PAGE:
Holomorphic Dynamics and Complex Foliations

The theory of complex differential equations began in the nineteenth century with the works of Briot, Bouquet, Poincaré, Picard, Darboux, Painlevé, Halphen and Dulac, among many others. When a differential equation is given by polynomials, it defines naturally a foliation by curves in the Euclidean space or one of its compactifications. The main issue is to analyze the dynamics of solutions (the leaves), both locally and globally.

Modern research in the area was taken up by Reeb in France, who was inspired by the works of Painlevé, and Petrovsky, Landis and Iliashenko in Russia, who were motivated by the 16th Hilbert problem. The 70s brought intense development in France, with contributions from Moussu, Mattei, Cerveau, Martinet and Ramis, and in Brazil with the progress made by the group at IMPA. Since then the group has made fundamental contributions in the establishment of important results, often with the collaboration of researchers from other universities.

The phenomena modeled by real polynomial differential equations generate, in a natural way, complex differential equations. The interface between the real equation and its complexified leads to a better understanding of the modeled phenomena. One reason is that the study of the complexified problem allows the use of Complex Analysis and Algebraic Geometry, revealing non apparent aspects of the real problem and producing results that can be interpreted in their original context. Conversely, the study of differential equations of the Picard-Fuchs type and those arising from Gauss-Manin connection results in rigorous proofs of some fundamental theorems of Algebraic Geometry, such as Noether-Lefschetz theorem. Such equations are satisfied by periods of fibrations and gave origin to Hodge theory in Algebraic Geometry.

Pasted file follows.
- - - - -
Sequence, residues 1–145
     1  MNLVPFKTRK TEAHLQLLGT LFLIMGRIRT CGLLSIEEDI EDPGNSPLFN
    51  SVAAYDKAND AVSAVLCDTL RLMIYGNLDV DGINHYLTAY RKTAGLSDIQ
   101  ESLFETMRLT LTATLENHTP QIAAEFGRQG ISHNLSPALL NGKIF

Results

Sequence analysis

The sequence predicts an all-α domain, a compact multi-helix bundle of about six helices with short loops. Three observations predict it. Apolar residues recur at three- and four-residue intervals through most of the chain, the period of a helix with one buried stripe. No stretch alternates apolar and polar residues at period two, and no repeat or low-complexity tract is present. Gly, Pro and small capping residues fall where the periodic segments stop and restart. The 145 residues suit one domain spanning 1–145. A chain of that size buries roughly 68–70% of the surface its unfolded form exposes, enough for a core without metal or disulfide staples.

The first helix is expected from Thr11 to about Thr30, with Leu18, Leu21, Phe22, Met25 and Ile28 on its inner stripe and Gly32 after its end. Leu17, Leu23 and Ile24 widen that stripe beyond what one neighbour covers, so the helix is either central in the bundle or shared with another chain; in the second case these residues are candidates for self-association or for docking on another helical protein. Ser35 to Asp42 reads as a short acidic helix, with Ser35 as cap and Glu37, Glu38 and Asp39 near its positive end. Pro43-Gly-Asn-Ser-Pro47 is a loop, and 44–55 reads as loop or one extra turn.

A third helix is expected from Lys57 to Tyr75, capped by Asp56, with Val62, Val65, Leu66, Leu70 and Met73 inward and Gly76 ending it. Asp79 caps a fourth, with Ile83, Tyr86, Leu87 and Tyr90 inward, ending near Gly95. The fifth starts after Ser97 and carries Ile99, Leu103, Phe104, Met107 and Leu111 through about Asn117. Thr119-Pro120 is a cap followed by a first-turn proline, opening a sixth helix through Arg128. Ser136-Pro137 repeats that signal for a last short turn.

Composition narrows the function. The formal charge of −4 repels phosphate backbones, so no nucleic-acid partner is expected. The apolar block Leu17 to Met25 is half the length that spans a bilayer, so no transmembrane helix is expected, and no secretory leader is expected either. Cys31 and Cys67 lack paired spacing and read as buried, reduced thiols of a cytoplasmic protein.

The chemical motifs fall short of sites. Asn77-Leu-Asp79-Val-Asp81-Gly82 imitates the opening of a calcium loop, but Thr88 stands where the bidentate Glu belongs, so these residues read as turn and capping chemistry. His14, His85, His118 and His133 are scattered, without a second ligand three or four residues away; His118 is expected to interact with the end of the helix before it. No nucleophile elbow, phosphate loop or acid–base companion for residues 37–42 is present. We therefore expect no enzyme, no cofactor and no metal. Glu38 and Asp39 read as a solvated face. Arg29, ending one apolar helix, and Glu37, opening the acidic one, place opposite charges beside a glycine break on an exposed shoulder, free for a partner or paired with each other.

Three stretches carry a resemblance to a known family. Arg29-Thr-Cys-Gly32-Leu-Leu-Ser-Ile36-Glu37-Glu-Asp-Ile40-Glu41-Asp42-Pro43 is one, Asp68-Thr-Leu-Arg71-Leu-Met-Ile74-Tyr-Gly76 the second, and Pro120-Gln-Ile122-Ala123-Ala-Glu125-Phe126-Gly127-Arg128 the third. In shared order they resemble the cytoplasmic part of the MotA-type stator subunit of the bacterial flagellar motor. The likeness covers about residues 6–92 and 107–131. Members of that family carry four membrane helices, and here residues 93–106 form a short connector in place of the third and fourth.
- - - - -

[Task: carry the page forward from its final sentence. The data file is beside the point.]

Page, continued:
The research conducted at IMPA ranges from classical questions on integrability through transcendental functions to modern questions about the dynamics of foliations and applications in Algebraic Geometry and Hodge Theory. Some lines of this research are:

  • Limit sets of foliations
  • Transversal structure of foliations
  • Codimension one projective foliations
  • Birational geometry of foliations
  • Linearizations and normal neighborhoods
  • Algebraic solutions of differential equations
  • Uniformization of the leaves of a foliation
  • Indexes and invariants of projective foliations
  • 16th Hilbert problem and zeros of Abelian integrals
  • Picard-Fuchs equations and Picard-Lefschetz theory
  • Differential equations of modular forms
  • Calabi-Yau varieties
  • Hodge cycles and algebraic cycles